With the basis of projected cyber risk outcomes rooted in objectivity, combined with how fast organizations can access these outcomes, the on-demand CRQ modeling approach has emerged over the past decade as a distinctly attractive market solution. 

Factors to Consider When Selecting a Cyber Risk Quantification Model

⁤The optimal CRQ for an organization depends on multiple factors, the first of which is its size and complexity. ⁤⁤In most cases, the larger a company is, the more intricate its infrastructure, systems, and communicating networks are, necessitating a more advanced CRQ model capable of investigating complex and interdependent risks. 

⁤Other internal business components that should be examined include the respective industry, cybersecurity framework, if any, and the relative maturity levels. ⁤⁤These elements play a large role in forecasted event likelihoods and likely financial impacts. ⁤⁤Lastly, being aware of risk appetite and tolerance levels is crucial, as some models will have more conservative risk estimates than others. ⁤

In addition to the internal business elements, CISOs must also carefully assess the CRQ models’ specific capabilities. For instance, what types of risks can the model capture, and to what extent can users explore the various factors that contribute to that risk? Scalability, time-to-value, and available integrations should also be considered in the decision-making process. 

The Best Practices for Implementing a New CRQ Approach

Regardless of which CRQ methodological approach is adopted, the implementation process follows a relatively similar set of steps.

  1. Achieve Stakeholder Buy-In: Collaborate with key business stakeholders and executives throughout the organization, communicating the benefits of CRQ and how it transforms cyber risk mitigation into a holistic, data-driven process.
  2. Collect Data and Identify Assets: After colleagues are onboard, it’s time to gather the necessary data, both external and internal. Map the system structure, explore where crown jewels are positioned, research historical trends, and evaluate third-party service providers. This collection can be done manually or automatically via integration.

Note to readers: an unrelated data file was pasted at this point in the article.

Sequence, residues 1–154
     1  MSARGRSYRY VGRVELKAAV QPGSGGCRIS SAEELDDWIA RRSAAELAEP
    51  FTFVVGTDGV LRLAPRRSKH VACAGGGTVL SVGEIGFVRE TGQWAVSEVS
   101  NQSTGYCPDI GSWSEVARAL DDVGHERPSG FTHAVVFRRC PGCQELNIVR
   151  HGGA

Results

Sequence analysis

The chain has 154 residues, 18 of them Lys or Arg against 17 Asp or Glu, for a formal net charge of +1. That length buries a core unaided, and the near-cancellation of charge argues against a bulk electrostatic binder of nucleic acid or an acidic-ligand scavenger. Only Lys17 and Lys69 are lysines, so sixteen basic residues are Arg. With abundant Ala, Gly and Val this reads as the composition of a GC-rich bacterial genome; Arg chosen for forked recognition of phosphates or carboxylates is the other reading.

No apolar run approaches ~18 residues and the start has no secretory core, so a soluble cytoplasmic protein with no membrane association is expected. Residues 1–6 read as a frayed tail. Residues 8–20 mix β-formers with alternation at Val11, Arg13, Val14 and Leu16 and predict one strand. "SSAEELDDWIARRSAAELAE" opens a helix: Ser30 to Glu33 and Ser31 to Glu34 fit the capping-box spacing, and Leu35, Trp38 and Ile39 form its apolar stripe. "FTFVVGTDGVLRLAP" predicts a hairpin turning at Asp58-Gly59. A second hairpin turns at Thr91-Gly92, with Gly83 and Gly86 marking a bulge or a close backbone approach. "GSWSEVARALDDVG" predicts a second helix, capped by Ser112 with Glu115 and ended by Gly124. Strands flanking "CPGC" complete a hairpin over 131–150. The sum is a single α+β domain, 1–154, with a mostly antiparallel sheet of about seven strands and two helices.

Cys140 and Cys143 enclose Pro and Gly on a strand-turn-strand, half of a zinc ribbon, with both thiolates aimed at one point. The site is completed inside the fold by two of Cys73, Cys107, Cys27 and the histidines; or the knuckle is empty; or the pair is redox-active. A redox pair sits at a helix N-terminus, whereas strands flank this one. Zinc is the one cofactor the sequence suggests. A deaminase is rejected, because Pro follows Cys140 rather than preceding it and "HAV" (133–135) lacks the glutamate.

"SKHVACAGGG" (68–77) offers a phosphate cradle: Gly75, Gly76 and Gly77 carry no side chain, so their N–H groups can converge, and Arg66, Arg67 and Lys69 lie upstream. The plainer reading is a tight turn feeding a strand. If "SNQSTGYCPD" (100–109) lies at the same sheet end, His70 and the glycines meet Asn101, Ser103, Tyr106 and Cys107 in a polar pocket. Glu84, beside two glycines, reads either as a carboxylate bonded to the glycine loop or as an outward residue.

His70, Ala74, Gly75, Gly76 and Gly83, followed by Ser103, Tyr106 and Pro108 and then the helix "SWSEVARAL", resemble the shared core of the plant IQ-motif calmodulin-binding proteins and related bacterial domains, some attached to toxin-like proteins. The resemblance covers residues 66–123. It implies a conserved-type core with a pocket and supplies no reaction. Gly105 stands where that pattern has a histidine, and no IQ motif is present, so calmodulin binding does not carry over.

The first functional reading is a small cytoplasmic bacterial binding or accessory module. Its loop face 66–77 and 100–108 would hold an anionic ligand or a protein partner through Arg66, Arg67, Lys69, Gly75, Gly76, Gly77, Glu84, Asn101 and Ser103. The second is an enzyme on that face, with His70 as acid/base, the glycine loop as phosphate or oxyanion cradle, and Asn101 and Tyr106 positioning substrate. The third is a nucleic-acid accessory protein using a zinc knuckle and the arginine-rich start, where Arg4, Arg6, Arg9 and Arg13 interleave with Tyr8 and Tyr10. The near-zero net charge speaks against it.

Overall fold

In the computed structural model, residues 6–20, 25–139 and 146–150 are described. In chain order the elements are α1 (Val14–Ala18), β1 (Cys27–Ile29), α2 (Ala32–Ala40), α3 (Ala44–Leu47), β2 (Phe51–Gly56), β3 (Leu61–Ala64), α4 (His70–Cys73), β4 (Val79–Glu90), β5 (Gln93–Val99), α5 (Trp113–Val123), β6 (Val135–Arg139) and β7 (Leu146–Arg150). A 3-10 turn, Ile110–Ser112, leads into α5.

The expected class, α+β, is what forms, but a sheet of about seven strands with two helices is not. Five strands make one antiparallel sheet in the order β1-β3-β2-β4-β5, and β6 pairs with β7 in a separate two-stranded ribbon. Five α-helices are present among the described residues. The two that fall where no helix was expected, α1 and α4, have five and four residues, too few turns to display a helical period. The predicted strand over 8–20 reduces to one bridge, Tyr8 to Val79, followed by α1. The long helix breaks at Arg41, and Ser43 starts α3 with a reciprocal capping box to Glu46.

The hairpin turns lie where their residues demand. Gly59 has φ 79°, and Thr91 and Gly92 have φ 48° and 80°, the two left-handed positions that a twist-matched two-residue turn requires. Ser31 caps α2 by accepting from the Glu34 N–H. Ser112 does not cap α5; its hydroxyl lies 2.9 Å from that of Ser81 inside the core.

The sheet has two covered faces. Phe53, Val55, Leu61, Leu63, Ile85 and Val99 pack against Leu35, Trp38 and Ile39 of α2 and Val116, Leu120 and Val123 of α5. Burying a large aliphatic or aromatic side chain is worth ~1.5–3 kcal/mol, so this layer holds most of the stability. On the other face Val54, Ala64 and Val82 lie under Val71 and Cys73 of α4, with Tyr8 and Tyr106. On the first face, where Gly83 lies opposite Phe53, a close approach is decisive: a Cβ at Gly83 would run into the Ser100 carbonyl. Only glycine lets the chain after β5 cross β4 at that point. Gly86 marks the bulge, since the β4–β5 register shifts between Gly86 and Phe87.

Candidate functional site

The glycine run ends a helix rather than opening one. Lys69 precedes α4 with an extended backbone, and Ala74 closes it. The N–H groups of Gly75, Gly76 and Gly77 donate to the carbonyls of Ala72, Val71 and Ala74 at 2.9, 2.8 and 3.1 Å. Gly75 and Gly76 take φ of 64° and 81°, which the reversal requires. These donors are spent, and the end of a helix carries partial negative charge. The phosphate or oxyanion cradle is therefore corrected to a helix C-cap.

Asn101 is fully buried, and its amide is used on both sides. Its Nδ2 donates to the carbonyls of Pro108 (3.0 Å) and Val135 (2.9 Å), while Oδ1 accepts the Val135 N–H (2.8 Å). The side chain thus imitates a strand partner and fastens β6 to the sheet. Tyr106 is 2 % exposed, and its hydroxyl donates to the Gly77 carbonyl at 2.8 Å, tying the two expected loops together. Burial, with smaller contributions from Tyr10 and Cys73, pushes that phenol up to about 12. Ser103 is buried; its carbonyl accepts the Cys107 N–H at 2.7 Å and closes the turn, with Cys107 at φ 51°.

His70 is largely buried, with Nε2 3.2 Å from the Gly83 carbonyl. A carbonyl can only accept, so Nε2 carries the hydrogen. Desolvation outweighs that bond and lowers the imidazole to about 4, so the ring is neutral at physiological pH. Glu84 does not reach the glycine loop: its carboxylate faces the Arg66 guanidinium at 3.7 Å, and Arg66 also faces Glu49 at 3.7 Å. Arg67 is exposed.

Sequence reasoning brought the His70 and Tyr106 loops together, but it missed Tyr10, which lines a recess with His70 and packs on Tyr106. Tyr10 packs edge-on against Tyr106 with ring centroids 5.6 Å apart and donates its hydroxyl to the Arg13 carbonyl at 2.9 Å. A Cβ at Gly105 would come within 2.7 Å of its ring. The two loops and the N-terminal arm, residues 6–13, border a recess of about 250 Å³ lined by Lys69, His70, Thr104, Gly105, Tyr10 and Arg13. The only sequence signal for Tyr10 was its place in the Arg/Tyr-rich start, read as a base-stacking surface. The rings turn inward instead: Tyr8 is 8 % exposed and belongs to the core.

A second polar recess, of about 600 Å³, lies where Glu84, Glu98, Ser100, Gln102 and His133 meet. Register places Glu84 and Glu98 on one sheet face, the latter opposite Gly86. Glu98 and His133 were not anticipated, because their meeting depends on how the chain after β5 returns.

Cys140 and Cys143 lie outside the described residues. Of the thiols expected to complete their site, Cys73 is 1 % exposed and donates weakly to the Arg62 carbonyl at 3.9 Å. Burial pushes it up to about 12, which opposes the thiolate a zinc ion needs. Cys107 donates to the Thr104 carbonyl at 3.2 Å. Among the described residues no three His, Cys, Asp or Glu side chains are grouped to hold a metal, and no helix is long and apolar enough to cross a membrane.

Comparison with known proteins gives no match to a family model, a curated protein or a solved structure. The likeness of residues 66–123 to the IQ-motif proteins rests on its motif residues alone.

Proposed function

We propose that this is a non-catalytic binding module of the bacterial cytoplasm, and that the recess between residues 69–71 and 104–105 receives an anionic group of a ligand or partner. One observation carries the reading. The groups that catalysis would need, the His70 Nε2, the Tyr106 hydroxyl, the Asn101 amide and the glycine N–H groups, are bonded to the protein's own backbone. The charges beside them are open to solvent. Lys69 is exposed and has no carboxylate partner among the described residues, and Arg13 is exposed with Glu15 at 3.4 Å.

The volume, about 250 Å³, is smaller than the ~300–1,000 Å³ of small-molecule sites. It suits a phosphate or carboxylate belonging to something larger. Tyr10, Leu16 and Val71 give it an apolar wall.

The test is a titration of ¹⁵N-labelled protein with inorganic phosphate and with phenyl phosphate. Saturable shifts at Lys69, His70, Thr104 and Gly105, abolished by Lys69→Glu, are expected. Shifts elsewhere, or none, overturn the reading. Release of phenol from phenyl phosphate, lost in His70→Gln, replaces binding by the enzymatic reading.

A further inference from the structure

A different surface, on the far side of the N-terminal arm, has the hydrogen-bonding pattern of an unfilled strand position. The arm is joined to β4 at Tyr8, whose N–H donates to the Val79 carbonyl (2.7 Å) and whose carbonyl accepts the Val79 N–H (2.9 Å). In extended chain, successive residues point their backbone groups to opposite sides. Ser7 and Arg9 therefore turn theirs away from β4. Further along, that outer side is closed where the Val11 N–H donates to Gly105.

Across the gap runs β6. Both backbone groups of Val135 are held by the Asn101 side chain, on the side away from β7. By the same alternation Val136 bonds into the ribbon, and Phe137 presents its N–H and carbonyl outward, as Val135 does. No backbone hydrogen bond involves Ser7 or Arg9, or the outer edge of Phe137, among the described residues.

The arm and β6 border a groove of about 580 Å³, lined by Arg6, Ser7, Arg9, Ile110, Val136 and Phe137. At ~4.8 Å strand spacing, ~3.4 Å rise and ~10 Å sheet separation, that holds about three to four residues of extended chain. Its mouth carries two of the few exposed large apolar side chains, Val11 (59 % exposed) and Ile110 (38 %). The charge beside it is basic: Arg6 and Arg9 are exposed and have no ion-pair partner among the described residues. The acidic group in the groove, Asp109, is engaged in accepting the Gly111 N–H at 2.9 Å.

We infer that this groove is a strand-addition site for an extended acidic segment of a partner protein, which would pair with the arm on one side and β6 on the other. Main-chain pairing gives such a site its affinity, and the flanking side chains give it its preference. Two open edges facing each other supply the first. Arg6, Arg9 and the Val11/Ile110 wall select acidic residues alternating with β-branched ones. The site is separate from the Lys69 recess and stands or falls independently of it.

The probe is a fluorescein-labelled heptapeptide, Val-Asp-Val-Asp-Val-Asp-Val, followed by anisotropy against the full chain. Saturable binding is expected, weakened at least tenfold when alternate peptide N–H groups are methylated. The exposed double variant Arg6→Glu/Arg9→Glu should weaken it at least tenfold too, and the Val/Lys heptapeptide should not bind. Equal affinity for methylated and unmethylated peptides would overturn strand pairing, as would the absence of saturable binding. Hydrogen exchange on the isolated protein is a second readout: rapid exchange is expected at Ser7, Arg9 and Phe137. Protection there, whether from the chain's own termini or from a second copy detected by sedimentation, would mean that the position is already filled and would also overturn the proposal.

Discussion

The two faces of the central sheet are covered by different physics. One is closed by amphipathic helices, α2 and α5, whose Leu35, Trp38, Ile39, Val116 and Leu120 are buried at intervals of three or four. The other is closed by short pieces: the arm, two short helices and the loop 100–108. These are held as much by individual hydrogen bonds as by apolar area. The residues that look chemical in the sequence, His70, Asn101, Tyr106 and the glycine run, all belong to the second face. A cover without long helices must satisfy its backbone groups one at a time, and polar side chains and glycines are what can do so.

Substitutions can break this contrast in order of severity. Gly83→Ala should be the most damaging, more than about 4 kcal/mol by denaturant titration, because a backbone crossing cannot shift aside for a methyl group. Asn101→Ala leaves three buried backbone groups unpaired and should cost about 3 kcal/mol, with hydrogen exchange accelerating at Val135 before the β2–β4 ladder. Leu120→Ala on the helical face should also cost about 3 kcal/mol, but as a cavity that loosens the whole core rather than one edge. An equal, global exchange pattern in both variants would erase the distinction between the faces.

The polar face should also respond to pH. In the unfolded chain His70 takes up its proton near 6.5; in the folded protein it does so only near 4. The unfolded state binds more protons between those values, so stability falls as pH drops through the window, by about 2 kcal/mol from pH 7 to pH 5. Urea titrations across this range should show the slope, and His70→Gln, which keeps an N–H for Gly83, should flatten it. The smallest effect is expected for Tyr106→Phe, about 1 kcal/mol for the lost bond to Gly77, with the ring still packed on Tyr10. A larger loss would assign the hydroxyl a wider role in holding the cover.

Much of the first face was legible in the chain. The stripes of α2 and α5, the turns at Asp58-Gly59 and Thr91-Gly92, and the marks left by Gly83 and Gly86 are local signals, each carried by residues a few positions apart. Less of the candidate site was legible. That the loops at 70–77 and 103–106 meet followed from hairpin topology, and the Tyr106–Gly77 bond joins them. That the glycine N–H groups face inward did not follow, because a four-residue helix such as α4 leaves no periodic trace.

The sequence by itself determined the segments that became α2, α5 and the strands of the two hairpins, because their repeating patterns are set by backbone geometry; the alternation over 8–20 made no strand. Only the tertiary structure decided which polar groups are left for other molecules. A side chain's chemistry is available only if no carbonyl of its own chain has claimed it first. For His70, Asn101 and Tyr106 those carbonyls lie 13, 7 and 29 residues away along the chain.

3. Analyze Quantified Results: Once you’ve gathered all the necessary data, it’s time to run a quantification according to your selected methodology. Learn your organization’s expected event frequency and financial exposure, and drill down to more granular details such as event type and initial attack vectors.  
  4. Align Mitigation With Broader Strategy: While it may be tempting to prioritize the mitigation initiative that targets the most severe risk, it’s important to align cybersecurity programs with broader business goals. Initiatives should ultimately enable growth. 
  5. Continuously Monitor and Refine: Organizational structures and objectives change, new tools are implemented, and external risk landscapes evolve. Therefore, cyber risk quantification is a continuous process and should be conducted at least once a quarter to ensure programs reflect the latest threat environment.

The Optimal CRQ Model: A Contextual Decision

Ultimately, there is no one-size-fits-all CRQ modeling approach. Each organization has unique needs, characteristics, resources, and available expertise, all of which should be considered when deciding upon the “best” cyber risk quantification methodology.

While expert judgment models have the potential to offer valuable insights, probabilistic models provide a broader outlook on the risk landscape and allow for high-level strategic planning. However, in a similar vein, the FAIR methodology, despite being widely used, does not have the advantage of objectiveness and quick time-to-value, contrary to the on-demand CRQ approach.

The paramount goal of cyber risk quantification is to provide the CISO and other key executives with the information necessary to create a data-driven cyber risk mitigation strategy. The “best” methodology should facilitate this achievement.

To learn more about the benefits of on-demand CRQ and the advantage of a model that incorporates external global intelligence and insurance loss data at scale, contact one of Kovrr’s cyber risk experts today or schedule a free demo.

Hannah Yacknin-Dawson

Cybersecurity Marketing Writer